Do you need an alternative cooking source that is inexpensive, quick to put up, relatively mobile, and easy to use that is more than a small rocket stove? Today, one of my friends, Bunny Wickham, is guest posting on the blog, sharing her story of how she and her husband built a concrete brick rocket stove in one afternoon. They now have an alternative, non-permanent means of cooking at their home in the case of an emergency. This is even portable in case they need to relocate.
DIY ROCKET STOVE PLANS – EXPERIMENT
with Bunny Wickham
How Did You Get Started?
After watching a few tutorials on Youtube, my husband and I decided to give it a whirl based on the rocket stove plans we draw after. Our total cost for this project was $14.59 We purchased 27 concrete bricks and had everything thing else on hand that we needed. We were really, really pleased with the results. The fact that the tender sits up off the bottom allows for air flow to be drawn in and up the combustion chamber. I was surprised at how little wood that was required to produce a really hot fire. I just gathered a couple of handfuls of sticks and twigs from the yard and we were cooking!
The design of a rocket stove lends itself to super-efficient cooking…gotta love that!! Being able to cook and boil water in a grid down situation is critical. Sure, we still have the grill, the fireplace (inside), the firepit (outside) and the solar oven but this just gives us one more option.
How Does it Work?
The pot/pan has to sit up off the bricks to allow for the air to pull up the chamber. We used some scrap metal that I put on either side of the opening to rest the pot on. I’m going to check at the salvage yard (where people dump old stoves) and see if I can find some burner grates. I got the plans from a Youtube video from Sensible Prepper called DIY Brick Rocket Stove (see below).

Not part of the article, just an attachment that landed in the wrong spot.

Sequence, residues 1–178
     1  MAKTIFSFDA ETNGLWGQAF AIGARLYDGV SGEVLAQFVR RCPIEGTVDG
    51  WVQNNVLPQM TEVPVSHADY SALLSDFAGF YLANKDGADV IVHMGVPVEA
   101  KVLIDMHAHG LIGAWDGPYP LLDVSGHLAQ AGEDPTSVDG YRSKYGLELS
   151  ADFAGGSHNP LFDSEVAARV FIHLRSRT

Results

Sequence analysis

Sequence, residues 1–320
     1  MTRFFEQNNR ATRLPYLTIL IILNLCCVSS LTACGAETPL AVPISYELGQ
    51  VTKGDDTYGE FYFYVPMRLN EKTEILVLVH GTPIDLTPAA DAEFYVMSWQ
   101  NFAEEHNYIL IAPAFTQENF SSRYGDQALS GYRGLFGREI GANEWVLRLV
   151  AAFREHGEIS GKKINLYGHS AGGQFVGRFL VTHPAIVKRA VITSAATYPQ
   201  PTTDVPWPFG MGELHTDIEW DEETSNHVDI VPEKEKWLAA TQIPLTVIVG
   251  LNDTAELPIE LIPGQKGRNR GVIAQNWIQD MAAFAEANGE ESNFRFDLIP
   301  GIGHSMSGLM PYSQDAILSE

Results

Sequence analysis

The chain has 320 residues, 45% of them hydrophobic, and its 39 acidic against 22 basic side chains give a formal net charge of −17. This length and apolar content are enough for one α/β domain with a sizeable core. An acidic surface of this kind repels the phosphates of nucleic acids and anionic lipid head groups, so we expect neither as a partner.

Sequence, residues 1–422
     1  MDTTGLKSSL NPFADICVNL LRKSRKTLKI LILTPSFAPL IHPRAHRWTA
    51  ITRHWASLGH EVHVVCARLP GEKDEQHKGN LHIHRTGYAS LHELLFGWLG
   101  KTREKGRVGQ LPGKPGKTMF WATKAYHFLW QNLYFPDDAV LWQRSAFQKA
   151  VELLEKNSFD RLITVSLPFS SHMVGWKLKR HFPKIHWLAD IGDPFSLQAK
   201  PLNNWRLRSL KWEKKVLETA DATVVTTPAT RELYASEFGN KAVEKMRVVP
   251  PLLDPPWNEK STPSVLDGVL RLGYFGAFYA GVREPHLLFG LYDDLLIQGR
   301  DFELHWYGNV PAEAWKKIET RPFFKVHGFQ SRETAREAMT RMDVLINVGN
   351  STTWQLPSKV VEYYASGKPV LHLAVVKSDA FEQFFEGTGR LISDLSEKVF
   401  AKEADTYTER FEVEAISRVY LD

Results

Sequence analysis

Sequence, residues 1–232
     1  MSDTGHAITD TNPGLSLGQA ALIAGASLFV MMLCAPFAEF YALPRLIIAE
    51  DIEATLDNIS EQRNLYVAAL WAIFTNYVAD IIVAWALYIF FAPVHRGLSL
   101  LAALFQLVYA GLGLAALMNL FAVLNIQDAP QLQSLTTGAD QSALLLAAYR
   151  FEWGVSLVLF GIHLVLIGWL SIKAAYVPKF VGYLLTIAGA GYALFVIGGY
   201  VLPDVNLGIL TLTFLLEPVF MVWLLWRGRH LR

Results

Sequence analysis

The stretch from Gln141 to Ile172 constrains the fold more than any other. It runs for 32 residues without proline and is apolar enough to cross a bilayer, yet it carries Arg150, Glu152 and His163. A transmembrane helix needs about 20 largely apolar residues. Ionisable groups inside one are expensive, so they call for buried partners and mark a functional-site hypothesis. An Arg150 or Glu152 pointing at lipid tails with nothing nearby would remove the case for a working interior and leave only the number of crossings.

The screen at the bottom is where you put the wood, it’s up off of the brick and allows for airflow to draft in and up the combustion chamber, which you really need for this design. The one on top was just used to cut down on potential sparks that might have come out but honestly, it’s not needed.
What Supplies Did You Need?
- 27 concrete bricks
- Metal Screening
What About the Suggested Dangers of Concrete Bricks in Rocket Stoves?
These are just regular concrete bricks. We researched it a bit and determined that it would be suitable for the occasional use. I felt the side of the bricks as I used it and the outside part of the brick was barely warm after I’d cooked on it so I think the heat transfer will be okay.
[editor: Your mileage may vary. While Bunny suggested this is good for occasional use, using non-fire bricks may be a danger for exploding if you run them often in extreme heat.]
- I am a mom of 4, married 25 years.
- I have a background in Emergency Management and a passion for preparedness.
- I am a founding member of our county’s CERT program (Community Emergency Response Team)
- I embrace the homesteading/back to basics movement.
- I am an avid baker, I LOVE the smell of freshly baked bread filling my kitchen! 🙂
- …I have yet to try bread on the rocket stove though. I have seen an oven component to the rocket stove…maybe that should be my next project!?!
From Jane: This is definitely a project you can do with your family in less than two hours. We have a small portable rocket stove that is great for going on the road (and now we love this Solo Stove even more!), but this is one we want to have in our skills pantry to be able to put together in a heartbeat in a localized emergency or just to have fun with camping in the backyard.
It would even be something we’d consider taking with us if we were camping for a weekend. It would just line the bottom of our trunk since it is not a permanent structure, and we could build it wherever we needed it. Be sure to watch the video below to see one in action!